The Design Experiment: Could Intel Build a GPU?

Larrabee is fundamentally built out of existing Intel x86 core technology, which not only means that the chip design isn't foreign to Intel, but also has serious implications for the future of desktop microprocessors. Larrabee isn't however built on Intel's current bread and butter, the Core architecture, instead Intel turned to a much older architecture as the basis for Larrabee: the original Pentium.

The original Pentium was manufactured on a 0.80µm process, later shrinking to 0.60µm. The question Intel posed was this: could an updated version of the Pentium core, built on a modern day process and equipped with a very wide vector unit, make a solid foundation for a high-end GPU?

To first test the theory Intel took a standard Core 2 Duo, with a 4MB L2 cache at an undisclosed clock speed (somewhere in the 1.8 - 2.9GHz range I'd guess). Then, on the same manufacturing process, roughly the same die area and power consumption, Intel sought to find out how many of these modified Pentium cores it could fit. The number was 10.

So in the space of a dual-core Core 2 Duo, Intel could construct this hypothetical 10-core chip. Let's look at the stats:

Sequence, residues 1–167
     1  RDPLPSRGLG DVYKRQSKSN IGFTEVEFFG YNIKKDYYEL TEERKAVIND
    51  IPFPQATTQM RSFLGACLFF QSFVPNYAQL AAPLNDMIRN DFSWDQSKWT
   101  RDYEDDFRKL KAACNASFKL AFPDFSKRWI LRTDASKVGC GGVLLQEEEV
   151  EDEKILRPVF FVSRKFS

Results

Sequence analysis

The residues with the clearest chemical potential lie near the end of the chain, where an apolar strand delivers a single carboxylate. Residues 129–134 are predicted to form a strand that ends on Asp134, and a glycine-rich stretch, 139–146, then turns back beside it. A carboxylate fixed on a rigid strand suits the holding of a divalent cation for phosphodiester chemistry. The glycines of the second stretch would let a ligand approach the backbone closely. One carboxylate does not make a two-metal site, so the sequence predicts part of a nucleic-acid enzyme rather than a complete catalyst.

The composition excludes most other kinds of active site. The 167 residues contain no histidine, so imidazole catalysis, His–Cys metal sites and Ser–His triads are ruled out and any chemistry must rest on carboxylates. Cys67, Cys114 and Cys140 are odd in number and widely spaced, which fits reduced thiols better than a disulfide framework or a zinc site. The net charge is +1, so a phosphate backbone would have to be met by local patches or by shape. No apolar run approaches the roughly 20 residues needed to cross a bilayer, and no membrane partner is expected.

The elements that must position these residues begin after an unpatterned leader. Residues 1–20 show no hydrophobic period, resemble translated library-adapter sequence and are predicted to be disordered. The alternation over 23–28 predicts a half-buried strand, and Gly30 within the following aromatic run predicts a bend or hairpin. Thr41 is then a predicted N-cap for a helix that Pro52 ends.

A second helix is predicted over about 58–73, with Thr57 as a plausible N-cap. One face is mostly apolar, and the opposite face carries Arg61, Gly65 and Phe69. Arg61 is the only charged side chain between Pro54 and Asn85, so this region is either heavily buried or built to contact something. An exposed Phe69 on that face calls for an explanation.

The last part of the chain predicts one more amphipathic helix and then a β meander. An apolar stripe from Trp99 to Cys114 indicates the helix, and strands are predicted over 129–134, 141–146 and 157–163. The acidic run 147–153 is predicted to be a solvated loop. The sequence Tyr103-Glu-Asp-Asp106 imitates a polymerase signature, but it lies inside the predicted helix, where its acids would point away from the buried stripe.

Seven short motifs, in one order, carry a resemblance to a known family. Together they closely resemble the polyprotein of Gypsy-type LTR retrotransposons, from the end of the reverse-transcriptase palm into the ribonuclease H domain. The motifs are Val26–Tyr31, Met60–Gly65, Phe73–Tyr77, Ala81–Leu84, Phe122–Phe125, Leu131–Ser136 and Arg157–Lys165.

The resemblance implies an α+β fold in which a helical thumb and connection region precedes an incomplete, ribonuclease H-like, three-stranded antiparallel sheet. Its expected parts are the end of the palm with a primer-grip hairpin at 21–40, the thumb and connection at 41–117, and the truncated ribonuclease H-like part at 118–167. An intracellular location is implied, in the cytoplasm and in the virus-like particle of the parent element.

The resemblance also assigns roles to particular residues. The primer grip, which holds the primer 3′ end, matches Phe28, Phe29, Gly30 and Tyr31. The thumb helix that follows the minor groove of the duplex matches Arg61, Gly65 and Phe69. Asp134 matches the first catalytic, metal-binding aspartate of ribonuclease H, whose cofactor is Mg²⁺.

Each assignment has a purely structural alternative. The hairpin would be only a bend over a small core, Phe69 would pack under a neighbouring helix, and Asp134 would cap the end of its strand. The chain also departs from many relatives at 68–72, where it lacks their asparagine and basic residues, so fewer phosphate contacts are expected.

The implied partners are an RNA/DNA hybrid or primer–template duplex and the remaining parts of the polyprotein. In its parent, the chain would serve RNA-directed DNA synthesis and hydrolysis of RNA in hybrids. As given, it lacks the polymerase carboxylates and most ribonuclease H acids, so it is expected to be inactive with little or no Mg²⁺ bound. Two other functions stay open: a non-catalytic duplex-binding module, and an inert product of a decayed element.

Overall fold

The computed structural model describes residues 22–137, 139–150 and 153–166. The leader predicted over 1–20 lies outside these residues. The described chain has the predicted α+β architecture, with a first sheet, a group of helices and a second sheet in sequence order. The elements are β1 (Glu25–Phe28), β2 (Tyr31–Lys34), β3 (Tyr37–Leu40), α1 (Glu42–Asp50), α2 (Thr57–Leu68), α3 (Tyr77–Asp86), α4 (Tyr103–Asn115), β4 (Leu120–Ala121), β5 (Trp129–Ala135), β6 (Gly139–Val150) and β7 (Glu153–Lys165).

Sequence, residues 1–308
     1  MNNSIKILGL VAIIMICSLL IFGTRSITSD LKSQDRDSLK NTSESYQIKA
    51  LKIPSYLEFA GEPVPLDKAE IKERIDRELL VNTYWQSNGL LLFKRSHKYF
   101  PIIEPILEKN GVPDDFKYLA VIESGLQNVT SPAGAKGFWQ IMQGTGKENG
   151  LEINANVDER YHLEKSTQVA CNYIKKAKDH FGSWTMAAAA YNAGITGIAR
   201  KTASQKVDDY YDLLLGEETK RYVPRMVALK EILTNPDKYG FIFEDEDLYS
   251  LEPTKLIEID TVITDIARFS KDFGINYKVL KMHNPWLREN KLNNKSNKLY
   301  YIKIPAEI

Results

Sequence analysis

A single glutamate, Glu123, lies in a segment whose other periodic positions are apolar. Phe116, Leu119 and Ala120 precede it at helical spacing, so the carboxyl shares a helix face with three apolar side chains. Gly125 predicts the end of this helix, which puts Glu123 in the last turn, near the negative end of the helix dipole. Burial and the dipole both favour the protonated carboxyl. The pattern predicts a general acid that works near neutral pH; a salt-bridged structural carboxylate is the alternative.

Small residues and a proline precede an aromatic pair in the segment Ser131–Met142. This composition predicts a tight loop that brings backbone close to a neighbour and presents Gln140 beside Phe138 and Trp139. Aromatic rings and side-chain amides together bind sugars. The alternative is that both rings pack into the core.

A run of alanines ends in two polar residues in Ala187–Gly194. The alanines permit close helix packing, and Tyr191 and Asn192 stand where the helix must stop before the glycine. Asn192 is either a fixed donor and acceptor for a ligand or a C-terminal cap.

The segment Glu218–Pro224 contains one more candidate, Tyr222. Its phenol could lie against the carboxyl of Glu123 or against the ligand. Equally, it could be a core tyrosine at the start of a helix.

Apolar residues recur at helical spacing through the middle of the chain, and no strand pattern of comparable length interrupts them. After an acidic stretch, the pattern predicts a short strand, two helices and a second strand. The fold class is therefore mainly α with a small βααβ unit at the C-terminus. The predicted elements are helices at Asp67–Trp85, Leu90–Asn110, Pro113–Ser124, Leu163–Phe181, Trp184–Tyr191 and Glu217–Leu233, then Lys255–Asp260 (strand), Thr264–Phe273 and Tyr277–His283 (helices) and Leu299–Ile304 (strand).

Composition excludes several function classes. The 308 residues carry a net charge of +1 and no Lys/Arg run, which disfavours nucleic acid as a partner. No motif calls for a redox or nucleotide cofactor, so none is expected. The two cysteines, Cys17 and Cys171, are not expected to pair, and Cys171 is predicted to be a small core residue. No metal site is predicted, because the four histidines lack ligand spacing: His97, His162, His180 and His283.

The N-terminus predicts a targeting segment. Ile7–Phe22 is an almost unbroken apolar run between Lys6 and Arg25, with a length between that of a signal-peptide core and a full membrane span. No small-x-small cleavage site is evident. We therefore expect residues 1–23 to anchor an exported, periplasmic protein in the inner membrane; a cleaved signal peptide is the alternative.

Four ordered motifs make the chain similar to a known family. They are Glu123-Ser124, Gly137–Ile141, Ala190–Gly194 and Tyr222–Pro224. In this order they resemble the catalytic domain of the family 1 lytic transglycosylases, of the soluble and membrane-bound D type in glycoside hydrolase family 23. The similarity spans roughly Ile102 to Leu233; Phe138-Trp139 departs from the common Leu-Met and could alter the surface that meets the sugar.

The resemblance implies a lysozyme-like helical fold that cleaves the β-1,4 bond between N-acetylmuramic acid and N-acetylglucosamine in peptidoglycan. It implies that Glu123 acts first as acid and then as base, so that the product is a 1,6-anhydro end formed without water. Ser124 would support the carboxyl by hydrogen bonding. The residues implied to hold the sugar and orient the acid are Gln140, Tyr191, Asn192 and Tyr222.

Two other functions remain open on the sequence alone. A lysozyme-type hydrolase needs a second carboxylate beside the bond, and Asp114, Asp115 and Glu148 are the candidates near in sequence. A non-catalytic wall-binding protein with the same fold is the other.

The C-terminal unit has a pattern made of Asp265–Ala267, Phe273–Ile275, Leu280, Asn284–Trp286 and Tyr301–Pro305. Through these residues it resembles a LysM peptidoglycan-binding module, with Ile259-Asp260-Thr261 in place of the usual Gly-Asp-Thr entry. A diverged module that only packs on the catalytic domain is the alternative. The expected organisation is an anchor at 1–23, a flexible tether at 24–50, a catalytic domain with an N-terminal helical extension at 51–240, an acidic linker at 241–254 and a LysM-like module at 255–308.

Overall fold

Intel Core 2 Duo Hypothetical Larrabee
# of CPU Cores 2 out of order 10 in-order
Instructions per Issue 4 per clock 2 per clock
VPU Lanes per Core 4-wide SSE 16-wide
L2 Cache Size 4MB 4MB
Single-Stream Throughput 4 per clock 2 per clock
Vector Throughput 8 per clock 160 per clock

 

Note that what we're comparing here are operation throughputs, not how fast it can actually execute anything, just how many operations it can retire per clock.

Running a single instruction stream (e.g. single threaded application), the Core 2 can process as many as four operations per clock, since it can issue 4-instructions per clock and it isn't execution unit constrained. The 10-core design however can only issue two instructions per clock and thus the peak execution rate for a single instruction stream is two operations per clock, half the throughput of the Core 2. That's fine however since you'll actually want to be running vector operations on this core and leave your single threaded tasks to your Core 2 CPU anyways, and here's where the proposed architecture spreads its wings.

With two cores, each with their ability to execute 4 concurrent SSE operations per clock, you've got a throughput of 8 ops per clock on Core 2. On the 10-core design? 160 ops per clock, an increase of 20x in roughly the same die area and power budget.